Shale gas is in.
Shale gas is out.
Shale oil is in.
No one would argue that the direction of this industry can change on a dime – and fortunately, most players have learned that you just gotta go with the flow.
Following the all-out drilling charge to punch down as many wellbores as possible – often to hold onto leases – in the still-relatively-new shale gas plays across the United States, there now is a massive inventory of clean-burning natural gas.
In fact, you might be tempted to make a buck or two by scouting for new facilities to store the burgeoning supply.
Best to cool your heels.
With all this new natural gas supply and $4/Mcf – give or take – looking tops for now, there’s talk of laying down some rigs. It’s not about resting on laurels and taking time off to chill, but to head for the other new best thing, i.e. oil shales and/or gas shales rich with liquids, such as the Eagle Ford in South Texas.
It’s a matter of simple math: oil continues to fetch a price generally in the upper $70/bbl range.
The Big Dude shale in the oil game is the Bakken shale oil play in Montana and North Dakota, which is becoming increasingly popular following a period of successful yet relatively low profile action.
Adding to the allure of this play is the U.S. Geological Survey assessment that revealed the Bakken harbors about 3.65 billion barrels of undiscovered technically recoverable oil along with 1.85 Tcf of associated/dissolved natural gas and 148 mbo of natural gas liquids.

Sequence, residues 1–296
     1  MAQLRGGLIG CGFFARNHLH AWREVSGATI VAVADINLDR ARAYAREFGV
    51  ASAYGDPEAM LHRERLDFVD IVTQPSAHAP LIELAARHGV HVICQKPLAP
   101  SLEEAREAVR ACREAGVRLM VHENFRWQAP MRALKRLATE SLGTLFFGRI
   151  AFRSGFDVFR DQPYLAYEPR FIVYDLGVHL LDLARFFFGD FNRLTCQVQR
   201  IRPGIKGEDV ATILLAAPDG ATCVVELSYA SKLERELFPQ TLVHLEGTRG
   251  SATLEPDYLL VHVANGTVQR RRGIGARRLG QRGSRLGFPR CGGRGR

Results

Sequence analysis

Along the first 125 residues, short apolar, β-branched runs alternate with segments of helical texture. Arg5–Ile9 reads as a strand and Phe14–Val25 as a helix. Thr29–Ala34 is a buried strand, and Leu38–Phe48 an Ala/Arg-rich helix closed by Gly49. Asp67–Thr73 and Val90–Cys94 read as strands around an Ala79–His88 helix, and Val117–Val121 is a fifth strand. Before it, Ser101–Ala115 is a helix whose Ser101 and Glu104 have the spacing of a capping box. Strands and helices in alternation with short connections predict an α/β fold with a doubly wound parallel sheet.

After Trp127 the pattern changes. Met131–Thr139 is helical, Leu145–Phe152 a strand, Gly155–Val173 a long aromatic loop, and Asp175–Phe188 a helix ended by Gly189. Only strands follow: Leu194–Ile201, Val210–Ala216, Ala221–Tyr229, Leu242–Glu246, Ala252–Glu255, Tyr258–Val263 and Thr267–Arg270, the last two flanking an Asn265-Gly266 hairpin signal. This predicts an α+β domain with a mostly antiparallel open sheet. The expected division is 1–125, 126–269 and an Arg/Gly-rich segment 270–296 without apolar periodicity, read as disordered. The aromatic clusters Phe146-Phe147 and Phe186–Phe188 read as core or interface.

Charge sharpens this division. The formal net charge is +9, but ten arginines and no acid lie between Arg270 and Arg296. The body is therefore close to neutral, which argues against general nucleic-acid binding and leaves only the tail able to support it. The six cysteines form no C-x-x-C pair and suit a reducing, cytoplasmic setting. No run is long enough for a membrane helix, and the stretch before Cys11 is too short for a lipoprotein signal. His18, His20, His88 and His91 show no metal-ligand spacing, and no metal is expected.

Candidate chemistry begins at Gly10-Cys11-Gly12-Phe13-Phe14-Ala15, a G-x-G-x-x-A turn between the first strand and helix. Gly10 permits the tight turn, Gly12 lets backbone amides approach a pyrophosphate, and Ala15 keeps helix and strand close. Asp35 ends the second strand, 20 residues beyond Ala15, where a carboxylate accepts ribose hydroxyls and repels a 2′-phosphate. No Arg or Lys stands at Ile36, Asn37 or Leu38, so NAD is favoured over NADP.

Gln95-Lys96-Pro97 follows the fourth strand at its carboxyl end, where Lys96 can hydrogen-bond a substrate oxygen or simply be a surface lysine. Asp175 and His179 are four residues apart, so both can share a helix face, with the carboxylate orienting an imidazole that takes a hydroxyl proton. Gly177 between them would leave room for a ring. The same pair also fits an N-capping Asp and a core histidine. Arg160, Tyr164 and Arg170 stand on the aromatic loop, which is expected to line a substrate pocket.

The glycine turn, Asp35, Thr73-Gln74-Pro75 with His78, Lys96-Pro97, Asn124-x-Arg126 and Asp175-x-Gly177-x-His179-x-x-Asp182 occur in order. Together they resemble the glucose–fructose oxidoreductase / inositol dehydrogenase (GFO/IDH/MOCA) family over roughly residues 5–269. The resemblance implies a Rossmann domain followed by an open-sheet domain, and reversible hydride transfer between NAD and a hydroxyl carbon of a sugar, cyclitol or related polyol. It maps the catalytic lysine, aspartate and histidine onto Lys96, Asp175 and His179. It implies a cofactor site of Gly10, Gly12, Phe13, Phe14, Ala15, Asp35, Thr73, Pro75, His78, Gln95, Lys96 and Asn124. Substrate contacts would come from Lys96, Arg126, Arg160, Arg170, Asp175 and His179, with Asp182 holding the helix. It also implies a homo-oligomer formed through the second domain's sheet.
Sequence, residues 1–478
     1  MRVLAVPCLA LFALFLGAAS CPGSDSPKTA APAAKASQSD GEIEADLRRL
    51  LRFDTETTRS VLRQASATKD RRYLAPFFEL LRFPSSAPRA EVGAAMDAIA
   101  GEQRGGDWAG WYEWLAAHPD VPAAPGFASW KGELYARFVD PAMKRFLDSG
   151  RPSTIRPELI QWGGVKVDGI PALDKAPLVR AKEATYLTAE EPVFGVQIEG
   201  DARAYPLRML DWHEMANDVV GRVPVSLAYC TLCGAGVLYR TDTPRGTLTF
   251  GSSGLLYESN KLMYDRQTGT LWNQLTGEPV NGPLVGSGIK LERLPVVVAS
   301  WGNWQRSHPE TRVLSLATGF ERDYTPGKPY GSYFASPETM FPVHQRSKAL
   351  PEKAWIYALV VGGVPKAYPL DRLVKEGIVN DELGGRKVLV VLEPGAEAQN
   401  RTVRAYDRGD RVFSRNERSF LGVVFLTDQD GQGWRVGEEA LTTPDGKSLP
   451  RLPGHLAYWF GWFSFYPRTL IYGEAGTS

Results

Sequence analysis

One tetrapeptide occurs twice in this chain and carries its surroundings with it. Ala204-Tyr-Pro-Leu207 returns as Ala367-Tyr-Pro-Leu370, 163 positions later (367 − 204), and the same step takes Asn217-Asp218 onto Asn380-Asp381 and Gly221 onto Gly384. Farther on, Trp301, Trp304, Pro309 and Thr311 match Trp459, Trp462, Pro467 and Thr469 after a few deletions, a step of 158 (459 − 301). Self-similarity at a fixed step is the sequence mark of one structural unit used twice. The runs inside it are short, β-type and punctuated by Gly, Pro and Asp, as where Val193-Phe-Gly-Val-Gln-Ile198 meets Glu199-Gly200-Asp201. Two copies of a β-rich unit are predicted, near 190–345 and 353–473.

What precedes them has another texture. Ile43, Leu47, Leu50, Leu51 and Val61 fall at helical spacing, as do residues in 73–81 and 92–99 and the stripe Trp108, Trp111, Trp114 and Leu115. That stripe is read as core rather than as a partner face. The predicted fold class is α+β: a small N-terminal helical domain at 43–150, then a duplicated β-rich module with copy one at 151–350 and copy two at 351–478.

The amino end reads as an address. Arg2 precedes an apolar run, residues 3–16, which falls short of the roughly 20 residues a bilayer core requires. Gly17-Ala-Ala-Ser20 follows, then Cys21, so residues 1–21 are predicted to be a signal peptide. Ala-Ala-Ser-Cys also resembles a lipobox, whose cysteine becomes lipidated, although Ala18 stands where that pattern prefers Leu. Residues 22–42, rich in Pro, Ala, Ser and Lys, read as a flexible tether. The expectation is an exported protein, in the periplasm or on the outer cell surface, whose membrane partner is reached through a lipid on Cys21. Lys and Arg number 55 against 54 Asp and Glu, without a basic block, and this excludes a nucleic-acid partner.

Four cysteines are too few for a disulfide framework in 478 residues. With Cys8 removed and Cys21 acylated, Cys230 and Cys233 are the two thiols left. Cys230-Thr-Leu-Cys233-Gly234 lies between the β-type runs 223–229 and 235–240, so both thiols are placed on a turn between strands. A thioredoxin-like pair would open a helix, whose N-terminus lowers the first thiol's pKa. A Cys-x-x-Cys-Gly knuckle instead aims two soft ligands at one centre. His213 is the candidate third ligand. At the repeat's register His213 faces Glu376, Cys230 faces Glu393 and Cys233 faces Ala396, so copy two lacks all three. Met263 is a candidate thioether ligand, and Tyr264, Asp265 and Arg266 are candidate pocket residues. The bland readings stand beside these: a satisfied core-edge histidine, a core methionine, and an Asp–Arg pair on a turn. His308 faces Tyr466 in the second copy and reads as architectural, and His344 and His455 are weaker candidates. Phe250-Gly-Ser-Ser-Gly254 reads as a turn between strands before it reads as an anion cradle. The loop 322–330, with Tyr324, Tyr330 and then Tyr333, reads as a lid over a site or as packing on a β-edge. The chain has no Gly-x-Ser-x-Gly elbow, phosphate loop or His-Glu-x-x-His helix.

The widespread Upper Devonian-Lower Mississippian Bakken formation is comprised of an upper and lower shale member and a mixed siliciclastic carbonate middle member, which is ordinarily referred to as a dolomitic sand or sandy dolomite.
This middle section is the target of the drill bits that ordinarily go down about 10,000 feet vertically before veering horizontally into the brittle dolomite, where multi-stage fracing is used to more efficiently produce the oil.
Not all wells are created equal.
“When you spend maybe $7 million on a horizontal well and bring it in at 200 to 300 barrels a day, that’s economic failure,” said AAPG member Scott Stockton, executive vice president of Vector Seismic Data Processing in Denver. “You need at least 1,000 barrels a day to be able to smile when you leave the wellhead.”
Oh, So Sweet
Enter multi-component seismic data to help ID the sweet spots.
In early 2009, Vector Seismic formed a consortium to evaluate the seismic signature of fractured reservoirs in the Middle Bakken. This ultimately led the company to determine that differences in the seismic image of shear waves over producing wells vs. dry holes in the Bakken formation are key for drilling success.
The Middle Bakken has proved elusive when it comes to detailed imaging from conventional surface seismic applications, for two reasons:
♦ With a thickness typically between 15 and 60 feet at a depth of 8,000 or so, it’s below resolution of conventional seismic methods.
♦ The P-wave response of seismic energy in the fractured vs. non-fractured rock is virtually identical.
Stockton noted that companies have acquired significant amounts of conventional seismic data in the play and are getting a great structural picture – but they haven’t been able to ID the fractures, which are required for reservoir to exist in the tight siltstone having little or no native porosity or permeability.